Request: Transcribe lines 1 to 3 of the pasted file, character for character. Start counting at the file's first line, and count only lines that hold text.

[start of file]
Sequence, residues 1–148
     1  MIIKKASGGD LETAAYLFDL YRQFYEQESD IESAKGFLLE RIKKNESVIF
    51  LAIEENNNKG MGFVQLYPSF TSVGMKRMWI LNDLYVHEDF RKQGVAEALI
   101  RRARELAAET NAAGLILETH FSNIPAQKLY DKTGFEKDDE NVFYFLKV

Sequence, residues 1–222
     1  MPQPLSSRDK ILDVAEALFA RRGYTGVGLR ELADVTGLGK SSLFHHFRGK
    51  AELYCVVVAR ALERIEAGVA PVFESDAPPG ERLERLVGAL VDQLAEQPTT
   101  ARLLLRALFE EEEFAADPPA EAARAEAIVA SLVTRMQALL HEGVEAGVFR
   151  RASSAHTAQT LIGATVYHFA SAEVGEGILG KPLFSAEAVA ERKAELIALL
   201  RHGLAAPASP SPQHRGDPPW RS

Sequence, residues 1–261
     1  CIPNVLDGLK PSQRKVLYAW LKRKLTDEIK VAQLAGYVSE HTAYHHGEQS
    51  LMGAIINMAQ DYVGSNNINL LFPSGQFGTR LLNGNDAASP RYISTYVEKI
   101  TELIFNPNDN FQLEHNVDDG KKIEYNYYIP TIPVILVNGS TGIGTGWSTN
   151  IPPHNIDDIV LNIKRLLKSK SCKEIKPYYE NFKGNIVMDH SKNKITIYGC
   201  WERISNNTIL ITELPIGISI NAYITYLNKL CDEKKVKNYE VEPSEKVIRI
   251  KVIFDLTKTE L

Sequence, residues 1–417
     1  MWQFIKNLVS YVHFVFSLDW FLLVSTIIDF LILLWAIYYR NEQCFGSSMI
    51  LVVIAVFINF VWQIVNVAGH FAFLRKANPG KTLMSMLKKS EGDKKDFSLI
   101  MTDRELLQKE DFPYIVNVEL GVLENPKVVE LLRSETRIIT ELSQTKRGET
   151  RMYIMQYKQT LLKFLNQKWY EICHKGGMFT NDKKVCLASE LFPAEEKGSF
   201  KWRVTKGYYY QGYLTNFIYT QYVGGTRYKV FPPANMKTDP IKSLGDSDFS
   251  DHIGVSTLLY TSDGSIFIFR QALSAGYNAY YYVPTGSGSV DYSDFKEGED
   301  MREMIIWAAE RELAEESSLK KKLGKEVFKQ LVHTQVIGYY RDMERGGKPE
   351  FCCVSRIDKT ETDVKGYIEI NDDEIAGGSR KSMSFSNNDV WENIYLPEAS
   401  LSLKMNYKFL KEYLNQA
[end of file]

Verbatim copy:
Sequence, residues 1–148
     1  MIIKKASGGD LETAAYLFDL YRQFYEQESD IESAKGFLLE RIKKNESVIF
    51  LAIEENNNKG MGFVQLYPSF TSVGMKRMWI LNDLYVHEDF RKQGVAEALI